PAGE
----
Home5GBehrTech on 2021: Hybrid low-power IoT, as the surging “lifeblood” of digital change

BehrTech on 2021: Hybrid low-power IoT, as the surging “lifeblood” of digital change

Amidst the pandemic, the economic uncertainty has certainly constrained demand and funding for many IoT projects. However, we’ve also seen an acceleration of innovation as it seeks to support a new ‘normal’. IoT and wireless connectivity have become the lifeblood of driving digital transformation across numerous industries. Here are three areas in IoT that we can expect to see a major change or growth in 2021.

Smart-building applications for health and wellness

Covid-19 has sparked a steady climb in the adoption of smart building solutions. From commercial and retail to office and hospitality, building owners and operators are leveraging new wireless sensor technologies to effectively enforce new building guidelines and protocols, ensure optimal ventilation, sanitation and social distancing.

Thieme – LPWAN in the Covid-era

Sensors that count the number of people entering and exiting buildings as well as dwell times in specific areas like elevators, waiting rooms and bathrooms, are being used to pinpoint over and under-utilized areas to help streamline janitorial services and ensure safe distancing practices.

Smart cleaning technology is providing an additional step, by monitoring the fill levels of consumables like soap, sanitizer and paper towel, to ensure timely refills and encourage regular hygiene. Indoor environmental quality (IEQ) monitoring is also on the rise. Monitoring critical indoor climate factors like air quality, temperature and humidity are proving vital to providing a healthy, comfortable and productive indoor environment.

This growth in smart-building applications will also mean a surge in low-power wide-area network (LPWAN) adoption. While modern building environments incorporate multiple connectivity layers including integrated cellular, future 5G and traditional Wi-Fi networks, these technologies alone are not feasible for the new era of IoT sensor networks.

They are too power hungry, have costly infrastructure requirements, are limited in scalability and have significant interference issues. The right network infrastructure for smart buildings must balance all criteria: scalability, robustness, affordability, range and power efficiency.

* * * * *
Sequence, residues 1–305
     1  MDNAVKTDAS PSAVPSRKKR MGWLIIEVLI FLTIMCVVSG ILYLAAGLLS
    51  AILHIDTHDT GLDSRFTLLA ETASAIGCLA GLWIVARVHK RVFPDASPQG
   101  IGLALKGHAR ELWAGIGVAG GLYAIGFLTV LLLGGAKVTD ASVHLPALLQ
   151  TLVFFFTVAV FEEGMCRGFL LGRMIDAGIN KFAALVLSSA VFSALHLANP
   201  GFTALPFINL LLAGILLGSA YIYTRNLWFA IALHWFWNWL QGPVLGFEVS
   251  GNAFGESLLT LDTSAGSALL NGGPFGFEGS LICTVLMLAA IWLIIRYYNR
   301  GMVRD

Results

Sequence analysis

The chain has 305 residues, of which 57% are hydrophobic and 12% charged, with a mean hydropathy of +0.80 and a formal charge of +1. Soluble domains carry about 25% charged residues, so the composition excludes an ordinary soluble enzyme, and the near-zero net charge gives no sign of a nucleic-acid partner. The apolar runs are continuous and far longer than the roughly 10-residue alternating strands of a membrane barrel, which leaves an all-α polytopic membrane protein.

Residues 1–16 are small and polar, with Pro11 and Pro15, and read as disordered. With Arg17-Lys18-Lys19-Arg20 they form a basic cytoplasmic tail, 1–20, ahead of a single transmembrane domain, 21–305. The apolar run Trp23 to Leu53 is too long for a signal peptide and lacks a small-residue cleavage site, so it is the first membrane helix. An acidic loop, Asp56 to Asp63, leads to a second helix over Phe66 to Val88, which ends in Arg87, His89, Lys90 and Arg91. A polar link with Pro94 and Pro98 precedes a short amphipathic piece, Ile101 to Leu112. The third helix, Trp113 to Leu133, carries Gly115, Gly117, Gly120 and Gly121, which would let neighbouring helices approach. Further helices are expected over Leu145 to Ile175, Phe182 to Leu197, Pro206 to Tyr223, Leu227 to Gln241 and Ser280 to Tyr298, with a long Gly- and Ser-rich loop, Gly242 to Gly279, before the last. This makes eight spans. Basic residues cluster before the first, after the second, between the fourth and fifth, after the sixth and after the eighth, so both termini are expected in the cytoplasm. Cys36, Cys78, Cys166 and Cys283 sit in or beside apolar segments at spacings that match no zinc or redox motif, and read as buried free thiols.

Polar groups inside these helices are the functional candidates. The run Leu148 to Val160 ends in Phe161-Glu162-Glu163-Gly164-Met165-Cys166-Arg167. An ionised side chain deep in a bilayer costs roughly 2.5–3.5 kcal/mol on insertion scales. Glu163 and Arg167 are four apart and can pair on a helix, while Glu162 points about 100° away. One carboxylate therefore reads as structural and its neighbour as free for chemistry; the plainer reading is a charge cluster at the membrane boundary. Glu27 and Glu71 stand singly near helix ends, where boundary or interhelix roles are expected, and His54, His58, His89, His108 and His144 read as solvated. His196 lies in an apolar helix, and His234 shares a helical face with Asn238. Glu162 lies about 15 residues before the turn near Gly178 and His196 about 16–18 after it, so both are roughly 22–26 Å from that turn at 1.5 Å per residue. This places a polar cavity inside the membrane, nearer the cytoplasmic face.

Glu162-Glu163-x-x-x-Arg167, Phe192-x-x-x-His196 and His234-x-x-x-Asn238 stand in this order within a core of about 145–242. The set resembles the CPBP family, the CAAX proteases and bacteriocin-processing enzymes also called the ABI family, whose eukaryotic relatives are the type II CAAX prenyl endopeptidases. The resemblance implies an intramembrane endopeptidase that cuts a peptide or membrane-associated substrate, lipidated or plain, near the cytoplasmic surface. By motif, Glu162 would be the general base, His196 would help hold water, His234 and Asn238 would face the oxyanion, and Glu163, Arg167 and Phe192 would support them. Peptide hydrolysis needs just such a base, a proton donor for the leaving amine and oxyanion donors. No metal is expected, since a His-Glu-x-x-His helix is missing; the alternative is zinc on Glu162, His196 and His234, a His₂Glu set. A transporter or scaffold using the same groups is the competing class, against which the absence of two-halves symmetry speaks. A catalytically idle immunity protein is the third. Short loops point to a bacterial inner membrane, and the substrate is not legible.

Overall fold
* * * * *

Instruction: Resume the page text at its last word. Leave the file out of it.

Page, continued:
LPWAN technology offers the highly power-efficient and affordable connectivity that is much needed for a generation of IoT devices that are mostly low-bandwidth, high-range endpoints. Using free subGHz spectrum together with modern communication principles like frequency hopping make LPWAN a versatile solution to connect structurally complex, multi-story commercial buildings.

Multiprotocol IoT support 

As we’ve seen with the connectivity options for smart buildings, not all wireless technologies are created equal and not all can manage every use case. For this reason, we can also expect to see growth in multiprotocol support. Devices that combine the complementary strengths of different wireless standards and frequencies in one design, increases flexibility, integration and as new IoT use cases rise, makes it feasible for more complex sensor networks to exist.

For example, LPWAN and BLE together provide short-range, inter-device communications with a long-range backhaul to allow the deployment of IoT networks in a significantly broader geographic area. This flexibility is increasingly important as more IoT sensor networks are deployed in far flung, industrial locations like remote oil and gas fields.

In addition, multiprotocol will bridge the gap between existing and new technologies enabling legacy sensors to work in new environments and be deployed in new use cases. In addition to devices, multiprotocol support will also be paramount in the next generation of IoT network and device management solutions.

A streamlined IoT value chain

Architecting a solution from sensor to dashboard typically involves a complex ecosystem of different vendors from chipset, sensor and device manufacturers, to network management, backend systems, analytics and visualization platforms. This chain has become a balancing act for the system integrator who must integrate all of the components to ensure they can deliver seamless end-to-end solutions to the customer.

Because of varying cost structures, limited integration capabilities and fragmented expertise, we will see more companies building or acquiring new competencies to extend their role across the value chain to streamline the overall solution. With the goal to eliminate costly and complex steps and help get IoT solutions to market faster, the roll-out of IoT solutions will further accelerate broader adoption across different verticals.

In today’s world, connectivity is the glue that holds the future of digitalization together. It is a top requirement for bringing any IoT project to fruition and is a key enabler for making data driven decisions, from improving processes and efficiencies to enhancing the safety and health of everyone.

Wolfgang Thieme is the co-founded and chief technology officer at BehrTech. He worked for over 10 years at Fraunhofer Institute for Integrated Circuits where he led the advancement of early stage technology development and technology transfer processes with a specific focus on integrated circuits, and communication and sensor technologies.

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